The Power of Perspectives

The Canadian Bar Association

Kim Covert

Lack of adequate funding for Federal Courts ‘untenable’

August 16 2017 16 August 2017

The CBA revisited the need for adequate funding for courts in a letter to the Justice Minister in early July which called for a mechanism to ensure ongoing funding for the Federal Court, Court Martial Appeal Court, Tax Court and Federal Court of Appeal.

Inadequate funding affects the independence of the judiciary and also becomes an obstacle to access to justice at a time when courts are coming under increasing fire for delays and backlogs.

Last year the CBA expressed its support for a Courts Administration Service initiative that would increase the technological capabilities of the Federal Court, Tax Court and Federal Court of Appeal.

“While your government has undertaken to modernize and improve the efficiency and effectiveness of the criminal justice system, including improved use of information technology to make the system more efficient and timely, the same support has not been apparent in the context of the Federal Courts, Court Martial Appeal Court and Tax Court,” the CBA says.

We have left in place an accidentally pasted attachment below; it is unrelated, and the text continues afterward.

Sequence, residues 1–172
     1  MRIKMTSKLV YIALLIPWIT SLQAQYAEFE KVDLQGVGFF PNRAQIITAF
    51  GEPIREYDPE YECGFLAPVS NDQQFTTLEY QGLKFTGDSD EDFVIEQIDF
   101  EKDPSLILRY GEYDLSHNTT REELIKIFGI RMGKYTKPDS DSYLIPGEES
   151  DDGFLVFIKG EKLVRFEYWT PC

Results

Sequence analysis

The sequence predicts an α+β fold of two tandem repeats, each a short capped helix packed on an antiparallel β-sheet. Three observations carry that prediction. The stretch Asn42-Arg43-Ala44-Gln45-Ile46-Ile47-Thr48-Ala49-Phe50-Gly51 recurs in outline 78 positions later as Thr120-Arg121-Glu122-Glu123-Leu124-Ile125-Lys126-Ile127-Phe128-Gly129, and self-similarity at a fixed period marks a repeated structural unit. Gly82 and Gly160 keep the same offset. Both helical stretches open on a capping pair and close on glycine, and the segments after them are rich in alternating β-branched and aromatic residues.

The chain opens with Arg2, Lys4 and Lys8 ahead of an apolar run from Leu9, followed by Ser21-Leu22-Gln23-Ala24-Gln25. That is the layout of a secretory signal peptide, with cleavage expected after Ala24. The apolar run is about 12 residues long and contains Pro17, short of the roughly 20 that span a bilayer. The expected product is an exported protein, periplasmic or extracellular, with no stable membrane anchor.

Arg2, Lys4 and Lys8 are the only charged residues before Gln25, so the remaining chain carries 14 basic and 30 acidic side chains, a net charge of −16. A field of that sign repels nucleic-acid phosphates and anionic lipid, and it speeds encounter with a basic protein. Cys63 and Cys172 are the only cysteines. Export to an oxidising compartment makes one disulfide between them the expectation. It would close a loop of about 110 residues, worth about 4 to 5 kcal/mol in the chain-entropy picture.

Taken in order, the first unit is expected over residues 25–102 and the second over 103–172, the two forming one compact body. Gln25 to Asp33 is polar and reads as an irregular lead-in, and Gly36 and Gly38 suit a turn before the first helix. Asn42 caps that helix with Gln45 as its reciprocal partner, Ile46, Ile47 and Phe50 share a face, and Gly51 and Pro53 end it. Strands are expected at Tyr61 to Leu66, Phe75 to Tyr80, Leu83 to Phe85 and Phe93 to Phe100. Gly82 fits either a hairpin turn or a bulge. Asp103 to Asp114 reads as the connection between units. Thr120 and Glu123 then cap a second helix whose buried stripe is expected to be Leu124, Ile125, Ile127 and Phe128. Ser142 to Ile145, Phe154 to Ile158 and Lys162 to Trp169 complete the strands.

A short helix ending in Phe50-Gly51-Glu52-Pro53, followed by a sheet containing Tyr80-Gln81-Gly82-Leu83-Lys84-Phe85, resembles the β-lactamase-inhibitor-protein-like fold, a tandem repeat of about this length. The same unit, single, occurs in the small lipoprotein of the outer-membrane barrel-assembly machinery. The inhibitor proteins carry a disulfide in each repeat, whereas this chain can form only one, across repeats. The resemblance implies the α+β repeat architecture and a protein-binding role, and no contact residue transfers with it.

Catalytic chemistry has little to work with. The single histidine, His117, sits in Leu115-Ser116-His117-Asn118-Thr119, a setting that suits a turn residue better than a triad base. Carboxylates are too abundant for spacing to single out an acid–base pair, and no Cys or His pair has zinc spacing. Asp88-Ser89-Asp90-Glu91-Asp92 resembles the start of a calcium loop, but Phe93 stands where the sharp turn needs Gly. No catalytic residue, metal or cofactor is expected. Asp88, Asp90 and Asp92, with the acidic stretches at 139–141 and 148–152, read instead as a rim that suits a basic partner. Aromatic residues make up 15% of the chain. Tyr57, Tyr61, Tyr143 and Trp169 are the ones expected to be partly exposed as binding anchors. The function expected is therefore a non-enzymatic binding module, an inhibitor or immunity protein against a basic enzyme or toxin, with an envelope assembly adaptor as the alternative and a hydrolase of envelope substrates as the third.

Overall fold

The July letter followed reports of Paul Crampton, Chief Justice of the Federal Court, having to go “cap in hand” to the government to get more money. Crampton underlined the difficulties this poses for judicial independence.

“It is unseemly and it seems wrong for a government that is appearing before the very body that is supposed to be holding it in check or adjudicating its cases, to be able to effectively determine what (the) other body does through the budget mechanism,” Crampton said in an interview with CBC News.

In terms of access to justice, Crampton said in the same interview that his court “(doesn’t) have enough staff in the courtroom. We don’t have enough staff at the registries. And this is giving rise to delays.” He said he needs at least another $25 million to fill dozens of empty positions, translate decisions and implement a new records management system.

The CBA describes this situation as “untenable,” and suggests the government look to a 2006 report by the Canadian Judicial Council, Alternative Models of Court Administration, for possible solutions.

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